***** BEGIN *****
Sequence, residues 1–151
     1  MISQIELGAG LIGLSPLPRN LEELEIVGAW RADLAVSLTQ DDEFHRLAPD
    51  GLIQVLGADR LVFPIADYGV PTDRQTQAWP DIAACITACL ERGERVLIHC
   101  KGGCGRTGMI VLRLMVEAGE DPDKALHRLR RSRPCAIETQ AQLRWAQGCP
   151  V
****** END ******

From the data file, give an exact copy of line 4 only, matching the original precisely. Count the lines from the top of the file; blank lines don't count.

   101  KGGCGRTGMI VLRLMVEAGE DPDKALHRLR RSRPCAIETQ AQLRWAQGCP